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  • Writer's picturemisha

How To Support A Pregnant Person

I was asked if I could write something about how to help a #pregnant person. I am sure that this could go in many different directions, but I am going to try and give a few good examples that seem universal and a few that are important to me.

I will preface this list with a huge *avoid assumptions* warning. Just because someone is pregnant does not mean that they need help. They very well may need assistance with some things at some point, but just because a person finds out they are pregnant does not automatically render them an invalid who needs a full-time caretaker.

#Sleep: Pregnancy, especially at the very beginning and end, can be rather exhausting for a lot of people. This is especially true if the pregnant person is going to school or working (either employment outside of the home or taking care of other children). Getting enough sleep is very important. Things you can do to ensure a pregnant person gets the sleep they need:

  • make sure they’re comfortable at night with blankets, pillows, reduced noise/interruptions, open/closed windows/doors, fans/heaters.

  • if night time sleeping has interruptions due to circumstances that can not be mitigated (like a nursing toddler), try to make napping during the day possible.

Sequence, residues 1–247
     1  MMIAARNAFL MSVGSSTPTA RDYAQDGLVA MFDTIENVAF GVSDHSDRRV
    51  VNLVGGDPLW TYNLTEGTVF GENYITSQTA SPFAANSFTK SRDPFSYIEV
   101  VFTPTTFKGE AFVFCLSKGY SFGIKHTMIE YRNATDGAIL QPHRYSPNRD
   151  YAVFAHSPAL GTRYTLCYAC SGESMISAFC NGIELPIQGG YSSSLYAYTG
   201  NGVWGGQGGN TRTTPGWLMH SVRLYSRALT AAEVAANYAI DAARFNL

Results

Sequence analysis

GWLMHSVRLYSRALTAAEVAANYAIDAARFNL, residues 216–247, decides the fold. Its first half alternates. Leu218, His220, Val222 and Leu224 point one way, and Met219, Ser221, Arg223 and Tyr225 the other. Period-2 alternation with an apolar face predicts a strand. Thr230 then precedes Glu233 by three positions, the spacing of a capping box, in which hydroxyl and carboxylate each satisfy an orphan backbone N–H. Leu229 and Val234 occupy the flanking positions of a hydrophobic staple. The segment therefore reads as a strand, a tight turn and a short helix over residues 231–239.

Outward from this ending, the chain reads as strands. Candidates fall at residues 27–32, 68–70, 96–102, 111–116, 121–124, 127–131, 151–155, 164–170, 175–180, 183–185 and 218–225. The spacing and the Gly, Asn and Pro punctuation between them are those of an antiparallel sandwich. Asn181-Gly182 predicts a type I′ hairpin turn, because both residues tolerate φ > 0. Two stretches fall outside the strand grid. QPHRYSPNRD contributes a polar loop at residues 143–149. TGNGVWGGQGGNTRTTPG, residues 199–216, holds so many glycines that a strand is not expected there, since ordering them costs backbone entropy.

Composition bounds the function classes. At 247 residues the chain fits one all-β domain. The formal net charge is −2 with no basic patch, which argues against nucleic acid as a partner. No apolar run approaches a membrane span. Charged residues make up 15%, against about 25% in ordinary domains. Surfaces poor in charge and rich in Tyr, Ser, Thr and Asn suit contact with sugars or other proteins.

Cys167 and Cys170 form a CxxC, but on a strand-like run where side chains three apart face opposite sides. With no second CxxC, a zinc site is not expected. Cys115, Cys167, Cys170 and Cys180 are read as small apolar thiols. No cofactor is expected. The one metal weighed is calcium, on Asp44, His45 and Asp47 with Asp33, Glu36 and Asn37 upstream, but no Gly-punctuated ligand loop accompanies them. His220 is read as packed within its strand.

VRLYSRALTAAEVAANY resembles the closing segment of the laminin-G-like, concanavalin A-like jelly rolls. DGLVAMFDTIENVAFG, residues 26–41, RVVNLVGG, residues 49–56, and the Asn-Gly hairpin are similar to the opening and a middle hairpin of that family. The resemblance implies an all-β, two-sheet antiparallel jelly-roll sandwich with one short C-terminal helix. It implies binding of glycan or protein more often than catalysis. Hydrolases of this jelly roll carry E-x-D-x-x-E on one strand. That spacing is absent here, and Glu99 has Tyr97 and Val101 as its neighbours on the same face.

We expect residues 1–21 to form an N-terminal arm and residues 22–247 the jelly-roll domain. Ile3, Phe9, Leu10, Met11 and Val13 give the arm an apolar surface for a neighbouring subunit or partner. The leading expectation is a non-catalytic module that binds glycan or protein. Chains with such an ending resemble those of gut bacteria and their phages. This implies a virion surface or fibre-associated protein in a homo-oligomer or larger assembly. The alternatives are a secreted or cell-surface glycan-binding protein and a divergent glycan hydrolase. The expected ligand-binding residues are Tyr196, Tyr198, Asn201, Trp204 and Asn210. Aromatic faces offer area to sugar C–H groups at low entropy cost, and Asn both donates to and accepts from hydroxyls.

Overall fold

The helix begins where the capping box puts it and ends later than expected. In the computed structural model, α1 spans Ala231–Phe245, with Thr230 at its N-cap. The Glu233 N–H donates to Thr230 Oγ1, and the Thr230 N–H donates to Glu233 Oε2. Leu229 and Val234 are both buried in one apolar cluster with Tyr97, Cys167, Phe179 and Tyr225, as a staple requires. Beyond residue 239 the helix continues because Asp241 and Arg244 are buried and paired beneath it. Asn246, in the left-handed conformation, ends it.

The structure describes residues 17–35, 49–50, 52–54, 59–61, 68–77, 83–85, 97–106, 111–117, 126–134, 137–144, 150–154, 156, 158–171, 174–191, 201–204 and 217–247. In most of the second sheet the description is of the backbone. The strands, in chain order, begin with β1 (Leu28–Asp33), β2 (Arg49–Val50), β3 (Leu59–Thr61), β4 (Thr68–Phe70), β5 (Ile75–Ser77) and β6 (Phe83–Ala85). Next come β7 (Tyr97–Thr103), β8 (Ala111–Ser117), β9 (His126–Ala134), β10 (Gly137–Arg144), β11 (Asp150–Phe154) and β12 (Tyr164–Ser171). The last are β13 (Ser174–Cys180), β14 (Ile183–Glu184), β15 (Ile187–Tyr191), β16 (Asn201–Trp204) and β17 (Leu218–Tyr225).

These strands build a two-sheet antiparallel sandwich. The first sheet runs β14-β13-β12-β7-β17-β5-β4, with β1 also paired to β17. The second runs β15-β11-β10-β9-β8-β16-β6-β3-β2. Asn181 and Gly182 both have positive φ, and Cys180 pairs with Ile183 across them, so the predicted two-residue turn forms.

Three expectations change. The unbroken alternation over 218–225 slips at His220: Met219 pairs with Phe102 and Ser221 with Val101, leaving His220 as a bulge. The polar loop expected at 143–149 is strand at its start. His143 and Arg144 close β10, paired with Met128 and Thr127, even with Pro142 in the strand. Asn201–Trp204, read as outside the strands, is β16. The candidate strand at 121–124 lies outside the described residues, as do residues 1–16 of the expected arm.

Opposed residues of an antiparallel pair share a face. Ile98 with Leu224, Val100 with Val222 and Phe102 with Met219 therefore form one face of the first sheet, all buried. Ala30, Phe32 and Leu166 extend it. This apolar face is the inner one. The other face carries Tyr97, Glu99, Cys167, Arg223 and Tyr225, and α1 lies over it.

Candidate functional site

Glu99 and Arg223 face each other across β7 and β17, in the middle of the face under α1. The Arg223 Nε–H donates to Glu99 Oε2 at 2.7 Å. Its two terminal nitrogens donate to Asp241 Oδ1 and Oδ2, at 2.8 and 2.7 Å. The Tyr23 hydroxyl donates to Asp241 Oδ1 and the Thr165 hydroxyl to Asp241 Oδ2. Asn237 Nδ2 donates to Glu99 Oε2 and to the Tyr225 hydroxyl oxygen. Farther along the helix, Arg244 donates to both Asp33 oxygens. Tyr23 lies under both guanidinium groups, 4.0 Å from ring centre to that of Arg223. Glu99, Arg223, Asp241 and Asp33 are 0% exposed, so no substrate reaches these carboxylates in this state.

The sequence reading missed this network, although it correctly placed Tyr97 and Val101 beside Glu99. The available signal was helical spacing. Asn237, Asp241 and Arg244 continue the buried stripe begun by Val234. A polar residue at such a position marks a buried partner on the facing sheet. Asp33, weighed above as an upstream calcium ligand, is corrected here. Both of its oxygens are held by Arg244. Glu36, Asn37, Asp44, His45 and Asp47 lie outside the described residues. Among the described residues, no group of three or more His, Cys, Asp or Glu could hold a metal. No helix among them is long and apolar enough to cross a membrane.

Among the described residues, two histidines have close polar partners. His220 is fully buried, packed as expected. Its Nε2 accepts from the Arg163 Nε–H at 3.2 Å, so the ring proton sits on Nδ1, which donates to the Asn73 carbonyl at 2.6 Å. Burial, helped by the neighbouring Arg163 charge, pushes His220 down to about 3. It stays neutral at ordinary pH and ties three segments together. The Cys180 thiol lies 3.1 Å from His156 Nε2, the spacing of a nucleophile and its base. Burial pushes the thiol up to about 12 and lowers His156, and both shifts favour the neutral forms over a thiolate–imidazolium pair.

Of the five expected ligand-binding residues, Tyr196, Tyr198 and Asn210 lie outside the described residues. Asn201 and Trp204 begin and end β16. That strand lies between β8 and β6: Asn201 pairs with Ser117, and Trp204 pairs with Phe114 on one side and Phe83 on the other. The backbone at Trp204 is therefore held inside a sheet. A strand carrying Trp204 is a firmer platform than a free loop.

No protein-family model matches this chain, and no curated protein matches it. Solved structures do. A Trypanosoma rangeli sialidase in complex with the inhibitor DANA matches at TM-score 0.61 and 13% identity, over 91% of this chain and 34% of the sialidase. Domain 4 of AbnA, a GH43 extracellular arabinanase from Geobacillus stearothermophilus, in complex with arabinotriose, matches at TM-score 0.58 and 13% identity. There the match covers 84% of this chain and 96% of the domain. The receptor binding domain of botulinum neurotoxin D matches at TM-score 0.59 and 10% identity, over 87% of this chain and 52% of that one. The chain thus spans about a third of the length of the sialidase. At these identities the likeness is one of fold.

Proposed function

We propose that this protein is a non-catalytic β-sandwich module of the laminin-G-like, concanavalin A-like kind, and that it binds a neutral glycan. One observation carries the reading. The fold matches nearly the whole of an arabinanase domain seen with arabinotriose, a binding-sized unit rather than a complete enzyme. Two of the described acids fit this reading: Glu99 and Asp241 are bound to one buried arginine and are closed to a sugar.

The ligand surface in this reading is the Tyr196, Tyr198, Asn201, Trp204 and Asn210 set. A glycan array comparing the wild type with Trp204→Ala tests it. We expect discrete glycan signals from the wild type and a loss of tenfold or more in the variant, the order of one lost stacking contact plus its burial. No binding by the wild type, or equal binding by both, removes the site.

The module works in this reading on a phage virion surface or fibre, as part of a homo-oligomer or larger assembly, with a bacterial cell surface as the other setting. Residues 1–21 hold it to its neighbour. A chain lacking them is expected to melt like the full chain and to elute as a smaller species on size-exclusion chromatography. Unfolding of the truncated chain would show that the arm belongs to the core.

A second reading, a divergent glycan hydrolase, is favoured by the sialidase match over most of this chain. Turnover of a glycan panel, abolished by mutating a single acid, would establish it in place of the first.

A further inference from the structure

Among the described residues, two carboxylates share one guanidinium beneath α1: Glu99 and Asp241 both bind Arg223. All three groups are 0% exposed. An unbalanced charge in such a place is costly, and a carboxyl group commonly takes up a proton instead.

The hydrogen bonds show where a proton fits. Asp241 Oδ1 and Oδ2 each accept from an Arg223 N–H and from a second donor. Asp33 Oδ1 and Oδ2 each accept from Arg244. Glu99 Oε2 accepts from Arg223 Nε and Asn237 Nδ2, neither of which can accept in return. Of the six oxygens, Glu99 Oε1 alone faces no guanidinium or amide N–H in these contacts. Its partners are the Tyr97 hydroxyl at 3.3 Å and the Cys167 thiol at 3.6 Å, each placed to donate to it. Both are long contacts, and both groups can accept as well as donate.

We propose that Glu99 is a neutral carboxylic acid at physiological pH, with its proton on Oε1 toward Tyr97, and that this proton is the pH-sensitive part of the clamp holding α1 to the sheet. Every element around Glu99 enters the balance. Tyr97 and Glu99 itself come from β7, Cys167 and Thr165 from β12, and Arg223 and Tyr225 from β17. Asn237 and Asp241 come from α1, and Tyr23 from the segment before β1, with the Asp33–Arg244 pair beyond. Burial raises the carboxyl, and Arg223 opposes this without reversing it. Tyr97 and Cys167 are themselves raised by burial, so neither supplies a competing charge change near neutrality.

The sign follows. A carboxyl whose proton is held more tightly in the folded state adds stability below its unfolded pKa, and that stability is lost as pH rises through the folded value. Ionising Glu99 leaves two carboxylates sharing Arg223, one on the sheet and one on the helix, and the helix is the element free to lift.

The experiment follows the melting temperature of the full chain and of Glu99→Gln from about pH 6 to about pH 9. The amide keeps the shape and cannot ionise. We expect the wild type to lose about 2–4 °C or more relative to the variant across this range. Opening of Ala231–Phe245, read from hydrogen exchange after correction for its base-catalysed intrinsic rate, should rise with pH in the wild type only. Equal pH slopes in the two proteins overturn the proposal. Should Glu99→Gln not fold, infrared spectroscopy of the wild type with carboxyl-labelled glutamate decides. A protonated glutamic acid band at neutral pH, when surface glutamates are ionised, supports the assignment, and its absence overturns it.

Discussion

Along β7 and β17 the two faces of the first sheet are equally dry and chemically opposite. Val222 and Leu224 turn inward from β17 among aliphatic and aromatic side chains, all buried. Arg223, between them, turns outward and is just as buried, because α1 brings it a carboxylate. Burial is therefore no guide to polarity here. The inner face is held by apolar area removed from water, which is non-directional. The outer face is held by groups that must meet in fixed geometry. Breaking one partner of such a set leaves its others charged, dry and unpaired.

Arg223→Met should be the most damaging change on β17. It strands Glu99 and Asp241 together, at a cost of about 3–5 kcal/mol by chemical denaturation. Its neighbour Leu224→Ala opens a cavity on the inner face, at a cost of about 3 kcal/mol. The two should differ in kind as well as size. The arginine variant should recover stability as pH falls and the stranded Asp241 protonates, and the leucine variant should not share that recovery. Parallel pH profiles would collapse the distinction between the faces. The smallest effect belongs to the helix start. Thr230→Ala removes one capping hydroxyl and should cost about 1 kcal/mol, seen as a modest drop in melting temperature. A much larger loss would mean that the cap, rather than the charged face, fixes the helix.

• take on the task of helping get older children to bed.

  • take care of the evening chores so that the pregnant person can go to bed earlier.

  • do not wake up a sleeping pregnant person unless you have to!

#Nourishment: Pregnancy taxes the body and the body’s nutritional reserves. Making sure that fresh, healthful foods are available whenever possible is a huge help. Pregnant people’s body’s also have a higher demand for fluids. Things you can do to ensure adequate nourishment for a pregnant person:

  • take over some of the cooking or food prep (maybe while the pregnant person naps!).

  • take over some of the grocery shopping (again, so that napping can happen!).

  • cook in large batches and freeze individual servings.

  • plan, prepare, and pack a week’s worth of lunches or snacks so they are easy to grab out of the fridge in a hurry.

  • stock the fridge and pantry with quick, but healthful snacks packed with iron and protein.

  • don’t shame a pregnant person for eating “junk food” from time to time, as it is going to happen (instead, make sure you offer them a wholesome meal or snack next time they’re hungry).

  • keep their water bottle full and brew safe herbal teas for them to enjoy hot or cold.

#Exercise: It is safe for most pregnant people to get moderate exercise during pregnancy, but make sure the advice of their doctor or midwife is sought before beginning any kind of exercise, especially if it is something completely new to their lifestyle. Ways you can help encourage a pregnant person to get exercise:

  • don’t shame them for NOT doing it!

  • try to make sure they have time for exercise at least three times a week.